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Alleviation of insulitis and moderation of diabetes in NOD mice following treatment with a synthetic Pseudomonas aeruginosa signal molecule, N-(3-oxododecanoyl)-L-homoserine lactone.

Author(s): Pritchard DI, Todd I, Brown A, Bycroft BW, Chhabra SR, Williams P, Wood P

Affiliation(s): School of Pharmacy, University of Nottingham, University Park, Nottingham NG7 2RD, UK. pazdp@gwmail.nottingham.ac.uk

Publication date & source: 2005-10, Acta Diabetol., 42(3):119-22.

Publication type: Comparative Study ; Research Support, Non-U.S. Gov't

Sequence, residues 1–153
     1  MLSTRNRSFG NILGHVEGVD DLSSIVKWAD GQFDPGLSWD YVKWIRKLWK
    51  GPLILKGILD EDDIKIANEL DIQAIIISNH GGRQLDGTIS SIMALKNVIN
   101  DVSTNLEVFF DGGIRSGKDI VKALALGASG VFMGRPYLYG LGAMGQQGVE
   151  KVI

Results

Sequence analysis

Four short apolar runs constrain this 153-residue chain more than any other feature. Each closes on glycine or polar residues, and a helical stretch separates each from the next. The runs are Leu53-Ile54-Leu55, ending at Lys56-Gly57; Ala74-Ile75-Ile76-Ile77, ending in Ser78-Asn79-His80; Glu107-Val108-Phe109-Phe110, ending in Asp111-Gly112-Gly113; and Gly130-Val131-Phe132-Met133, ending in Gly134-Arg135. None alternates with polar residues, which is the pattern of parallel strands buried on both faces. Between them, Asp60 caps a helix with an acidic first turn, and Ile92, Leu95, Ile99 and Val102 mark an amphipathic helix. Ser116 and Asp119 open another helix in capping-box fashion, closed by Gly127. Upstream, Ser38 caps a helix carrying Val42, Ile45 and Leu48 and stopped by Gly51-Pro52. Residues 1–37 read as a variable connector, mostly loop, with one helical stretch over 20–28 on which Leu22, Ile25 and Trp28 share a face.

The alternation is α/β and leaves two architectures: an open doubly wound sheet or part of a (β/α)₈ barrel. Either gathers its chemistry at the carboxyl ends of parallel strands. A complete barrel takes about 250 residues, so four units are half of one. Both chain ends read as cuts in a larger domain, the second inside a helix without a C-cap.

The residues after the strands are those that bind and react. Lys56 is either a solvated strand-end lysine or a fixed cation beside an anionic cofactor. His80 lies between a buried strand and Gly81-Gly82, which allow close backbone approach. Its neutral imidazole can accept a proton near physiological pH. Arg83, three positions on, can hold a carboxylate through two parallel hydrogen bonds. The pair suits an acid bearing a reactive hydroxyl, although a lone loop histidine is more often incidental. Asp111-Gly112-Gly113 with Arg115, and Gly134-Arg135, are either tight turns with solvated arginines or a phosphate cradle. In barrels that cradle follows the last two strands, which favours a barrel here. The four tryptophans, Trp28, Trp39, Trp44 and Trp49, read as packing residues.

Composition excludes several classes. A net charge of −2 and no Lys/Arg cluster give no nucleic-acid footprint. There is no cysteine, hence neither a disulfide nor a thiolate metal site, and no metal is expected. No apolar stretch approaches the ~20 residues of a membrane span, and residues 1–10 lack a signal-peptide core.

Quorum sensing signal molecules (QSSMs) from the bacterium Pseudomonas aeruginosa control bacterial population density and the expression of virulence determinants. Coincidentally, and possibly to allow this pathogen to gain a foothold in the human body, certain signal molecules also downregulate immunological responses in an apparently T-helper 1-selective manner, which would suggest their application as therapeutics to some autoimmune diseases. In the present paper, experiments are described that indicate that one particular signal molecule, a synthetic N-(3-oxododecanoyl)-L-homoserine lactone, can be used to alleviate insulitis and diabetes in non-obese diabetic (NOD) mice, suggesting that bacterial signal molecules may represent a novel source of immune modulatory compounds for the treatment of type 1 diabetes, which afflicts more than 2 million individuals in Europe and North America.

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